Diabetes type 2: Dr Zoe Williams discusses high blood sugar risks
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People living with diabetes have high blood sugar levels. Depending on the type they have this will be for different reasons. In type 1 diabetics this occurs when the immune system attacks cells that produce insulin.
Whereas, in type 2 diabetes this happens if the body does not produce enough insulin, or the body’s cells do not react to insulin.
Either way, diabetics are encouraged to stick to a healthy, balanced diet.
This means avoiding foods that are high in sugar, fat and salt, while eating plenty of fruit and vegetables, protein and certain starchy carbohydrates.
One fruit in particular could be especially beneficial to diabetics.
Registered nutritional therapist Orley Kutner recommended adding okra to meals.
She said: “Okra (or lady’s fingers) contains a special type of insoluble fibre that may help stabilise blood glucose by slowing the rate at which sugar is absorbed from the intestines.
“It has traditionally been used as a diabetes treatment and recent human clinical studies have shown promising results.
“Add it to soups, stews and curries, or chop up and soak overnight and drink the water in the morning (do not try this if you’re taking diabetes medications).”
Okra is popular in various cuisines including Caribbean, Creole, Cajun and Indian but can be bought in the UK.
Although it is technically a fruit, it appears and is used more like a vegetable within cooking.
What does research say?
Various studies have considered the effects of okra on blood sugar levels.
One, published in Phytotherapy Research journal in 2020, trialled the use of okra powder on 60 type 2 diabetics.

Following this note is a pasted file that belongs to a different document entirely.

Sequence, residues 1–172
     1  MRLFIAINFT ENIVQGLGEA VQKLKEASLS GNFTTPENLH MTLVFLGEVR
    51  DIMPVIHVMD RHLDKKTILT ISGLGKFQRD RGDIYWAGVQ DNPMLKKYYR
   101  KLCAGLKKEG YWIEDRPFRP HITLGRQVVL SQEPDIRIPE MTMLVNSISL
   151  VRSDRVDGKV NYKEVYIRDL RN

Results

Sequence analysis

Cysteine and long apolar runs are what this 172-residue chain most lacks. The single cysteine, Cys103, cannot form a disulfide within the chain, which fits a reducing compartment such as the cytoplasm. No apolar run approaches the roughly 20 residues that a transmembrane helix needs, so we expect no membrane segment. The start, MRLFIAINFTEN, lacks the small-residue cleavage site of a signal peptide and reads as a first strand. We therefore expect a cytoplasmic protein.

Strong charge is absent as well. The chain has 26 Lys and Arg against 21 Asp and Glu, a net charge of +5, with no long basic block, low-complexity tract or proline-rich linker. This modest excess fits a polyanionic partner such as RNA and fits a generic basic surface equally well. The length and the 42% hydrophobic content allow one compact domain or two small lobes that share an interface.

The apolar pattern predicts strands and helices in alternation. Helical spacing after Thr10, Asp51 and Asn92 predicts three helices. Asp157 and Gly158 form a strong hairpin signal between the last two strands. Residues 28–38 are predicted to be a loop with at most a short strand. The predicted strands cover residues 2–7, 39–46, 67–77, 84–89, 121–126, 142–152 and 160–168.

Participants were split into groups with one given 10 grams of okra powder blended into 150g of yoghurt and the other was just given 150g of yoghurt.
Both groups ate this with their lunch and dinner every day for eight weeks.
The study said: “The findings showed that eight weeks okra consumption resulted in a significant decrease in fasting plasma glucose homeostatic model of assessment for insulin resistance, quantitative insulin sensitivity check index, triacylglycerol, total cholesterol, low-density lipoprotein cholesterol, and LDL-C/high-density lipoprotein cholesterol (HDL-C) ratio.”
It concluded: “The present study suggests that okra consumption can elicit improvements in lipid profile, as well as glycemic markers, among type 2 diabetes patients.”
Separate research published in the same journal in 2022 compared results from two groups of 60 diabetic people.
One group was given 1,000mg of okra capsules orally, every six hours for eight weeks, while the control group received a placebo capsule in the same manner.
“The levels of fasting blood sugar (FBS), blood sugar (BS), and haemoglobin A1C (HgA1c) were significantly decreased in okra group within the intervention compared to control group,” it said.
“Okra whole fruit supplementation has a promising anti-hyperglycemic effect in patients with diabetes mellitus type 2 who received oral agents. Diabetic patients could benefit from adjuvant therapy of okra with other medication.”
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